The evaluation of this horn was done in two independent ways; by placing the horn in the field of a conical transmission line and by a three antenna intercomparison. The two methods were found to agree within + 3 dB over the range of 0.6 to 5 GHz. Part of this disagreement is due to the assumption of far field conditions, and an experimental technique is described which determines the frequency range over which this assumption is valid.

TN998. Impact of building regulations on rehabilitation-Status

and technical needs, J. G. Gross, J. H. Pielert, and P. W. Cooke, Nat. Bur. Stand. (U.S.), Tech. Note 998, 50 pages (May 1979) SN003-003-02062-1.

Key words: building code; building research; code administration; existing buildings; model codes; preservation; regulation; rehabilitation; renovation.

TN1009. Laser beam profile measurements using spatial sam

pling, Fourier optics, and holography, E. G. Johnson, Jr., Nai. Bur. Stand. (U.S.), Tech. Note 1009, 96 pages (Jan. 1979) SN003-003-02019-2.

ment Shops Division personnel. This paper provides the sequential procedure used to fabricate this cell, in conjunction with a complete set of detail and assembly drawings used to illustrate the complete fabrication process. The purpose of this publication is to provide documented information sufficient for any outside vendor, with the proper facilities, to construct a similar TEM cell.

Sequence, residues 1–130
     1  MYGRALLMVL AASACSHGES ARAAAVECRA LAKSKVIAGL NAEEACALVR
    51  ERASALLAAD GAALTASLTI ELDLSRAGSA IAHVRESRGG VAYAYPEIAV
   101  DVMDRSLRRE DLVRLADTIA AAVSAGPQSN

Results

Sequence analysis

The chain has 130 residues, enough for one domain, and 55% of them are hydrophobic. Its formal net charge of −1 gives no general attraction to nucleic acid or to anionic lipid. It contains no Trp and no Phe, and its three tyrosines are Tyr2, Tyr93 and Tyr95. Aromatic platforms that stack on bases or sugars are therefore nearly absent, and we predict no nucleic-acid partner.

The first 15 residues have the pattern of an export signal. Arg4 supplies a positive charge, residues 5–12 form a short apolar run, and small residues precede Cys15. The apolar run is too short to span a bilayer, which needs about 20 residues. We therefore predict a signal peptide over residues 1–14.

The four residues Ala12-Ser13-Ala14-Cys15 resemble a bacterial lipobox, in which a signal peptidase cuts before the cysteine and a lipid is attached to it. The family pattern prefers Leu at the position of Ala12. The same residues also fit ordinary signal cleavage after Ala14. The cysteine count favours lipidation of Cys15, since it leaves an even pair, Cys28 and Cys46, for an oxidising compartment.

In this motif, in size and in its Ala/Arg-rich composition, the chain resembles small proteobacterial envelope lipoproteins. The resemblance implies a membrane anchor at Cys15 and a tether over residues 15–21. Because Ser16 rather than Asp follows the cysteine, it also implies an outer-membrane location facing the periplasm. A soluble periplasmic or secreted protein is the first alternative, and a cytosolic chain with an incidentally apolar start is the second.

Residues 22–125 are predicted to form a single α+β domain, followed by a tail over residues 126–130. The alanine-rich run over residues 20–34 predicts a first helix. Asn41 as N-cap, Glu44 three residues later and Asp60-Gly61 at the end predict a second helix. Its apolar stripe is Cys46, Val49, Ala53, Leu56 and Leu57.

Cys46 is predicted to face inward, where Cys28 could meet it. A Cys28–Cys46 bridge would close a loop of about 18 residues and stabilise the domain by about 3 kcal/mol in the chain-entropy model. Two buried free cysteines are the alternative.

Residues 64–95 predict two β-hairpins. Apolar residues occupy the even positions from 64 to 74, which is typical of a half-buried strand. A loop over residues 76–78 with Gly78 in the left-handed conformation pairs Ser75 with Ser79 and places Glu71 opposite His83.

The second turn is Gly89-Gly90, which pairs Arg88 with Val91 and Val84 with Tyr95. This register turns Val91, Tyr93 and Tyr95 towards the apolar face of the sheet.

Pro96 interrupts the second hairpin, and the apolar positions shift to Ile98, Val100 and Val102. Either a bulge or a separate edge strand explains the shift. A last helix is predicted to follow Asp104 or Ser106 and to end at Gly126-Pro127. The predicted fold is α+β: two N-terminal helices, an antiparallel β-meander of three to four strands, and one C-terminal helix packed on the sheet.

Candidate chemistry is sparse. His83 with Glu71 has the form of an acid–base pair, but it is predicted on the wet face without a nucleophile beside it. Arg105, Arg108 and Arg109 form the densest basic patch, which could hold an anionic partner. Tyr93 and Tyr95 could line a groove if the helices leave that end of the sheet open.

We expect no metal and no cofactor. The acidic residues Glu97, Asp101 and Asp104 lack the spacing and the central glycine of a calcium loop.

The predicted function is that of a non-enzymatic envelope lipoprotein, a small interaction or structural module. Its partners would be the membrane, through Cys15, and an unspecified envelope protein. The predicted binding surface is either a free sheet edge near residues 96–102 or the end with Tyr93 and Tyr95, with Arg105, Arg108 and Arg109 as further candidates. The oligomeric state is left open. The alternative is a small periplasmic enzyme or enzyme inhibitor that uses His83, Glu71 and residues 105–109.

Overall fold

TN1012. Calibrating a six-port reflectometer with four im

pedance standards, C. A. Hoer, Nat. Bur. Stand. (U.S.), Tech. Note 1012, 24 pages (Mar. 1979) SNOO3-003-02036-2.

Key words: amplitude; beam profile; cross correlation; digital sampling; Fourier optics; holography; laser; laser parameters; laser pulse; optical processing; phase; precision

measurements; wave front. Using appropriate holography, lenses, mirrors, and a twodimensional array of small holes to sample the electric field of a laser pulse, we demonstrate a technique for beam profile measurements at a preselected observation plane. This method can measure the amplitude and phase of a laser pulse at each preselected sampling point on a transverse observation plane. Subject to constraints, these measurements can provide separated visual images of the temporal pulse shapes for the amplitude and phase at each of the sampled electric fields. This paper describes the basic concepts for beam profile measurements via holography and uses pictures generated by a prototype system for illustration.

This unit may be calibrated by using a cw laser beam of the same wavelength as the carrier or a Q-switched laser pulse. Therefore, a user can make beam profile measurements of a laser pulse in real time. This technique requires appropriate scaling of the lenses and mirrors, and uses a different hologram to allow the unit to work optimally for each wavelength.

We define the potential limits and virtues of the holographic method. In addition, we define limits and virtues of other beam profile techniques such as the two-pinhole scanning method and the Hartmann plate method.

Finally, we indicate possible directions for eventual commercial and scientific exploitation of the holographic method. The technique can be used for near- and far-infrared wavelengths and, with appropriate changes in the optics, for visible wavelengths.